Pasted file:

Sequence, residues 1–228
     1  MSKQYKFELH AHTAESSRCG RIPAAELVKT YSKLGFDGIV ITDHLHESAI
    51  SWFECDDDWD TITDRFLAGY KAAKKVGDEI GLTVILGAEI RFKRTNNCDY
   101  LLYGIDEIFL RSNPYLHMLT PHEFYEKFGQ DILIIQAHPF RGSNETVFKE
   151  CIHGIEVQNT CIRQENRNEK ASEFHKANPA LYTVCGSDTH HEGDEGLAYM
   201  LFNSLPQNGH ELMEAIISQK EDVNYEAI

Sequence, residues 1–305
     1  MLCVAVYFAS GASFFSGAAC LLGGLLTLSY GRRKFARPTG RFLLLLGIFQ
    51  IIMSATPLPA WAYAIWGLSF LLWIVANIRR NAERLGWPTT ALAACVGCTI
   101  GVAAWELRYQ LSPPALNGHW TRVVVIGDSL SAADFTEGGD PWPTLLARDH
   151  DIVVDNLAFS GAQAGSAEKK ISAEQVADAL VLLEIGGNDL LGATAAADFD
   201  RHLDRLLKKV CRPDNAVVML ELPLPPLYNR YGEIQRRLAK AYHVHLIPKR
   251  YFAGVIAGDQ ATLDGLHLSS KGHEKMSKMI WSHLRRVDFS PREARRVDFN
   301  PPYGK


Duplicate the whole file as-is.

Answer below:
Sequence, residues 1–228
     1  MSKQYKFELH AHTAESSRCG RIPAAELVKT YSKLGFDGIV ITDHLHESAI
    51  SWFECDDDWD TITDRFLAGY KAAKKVGDEI GLTVILGAEI RFKRTNNCDY
   101  LLYGIDEIFL RSNPYLHMLT PHEFYEKFGQ DILIIQAHPF RGSNETVFKE
   151  CIHGIEVQNT CIRQENRNEK ASEFHKANPA LYTVCGSDTH HEGDEGLAYM
   201  LFNSLPQNGH ELMEAIISQK EDVNYEAI

Sequence, residues 1–305
     1  MLCVAVYFAS GASFFSGAAC LLGGLLTLSY GRRKFARPTG RFLLLLGIFQ
    51  IIMSATPLPA WAYAIWGLSF LLWIVANIRR NAERLGWPTT ALAACVGCTI
   101  GVAAWELRYQ LSPPALNGHW TRVVVIGDSL SAADFTEGGD PWPTLLARDH
   151  DIVVDNLAFS GAQAGSAEKK ISAEQVADAL VLLEIGGNDL LGATAAADFD
   201  RHLDRLLKKV CRPDNAVVML ELPLPPLYNR YGEIQRRLAK AYHVHLIPKR
   251  YFAGVIAGDQ ATLDGLHLSS KGHEKMSKMI WSHLRRVDFS PREARRVDFN
   301  PPYGK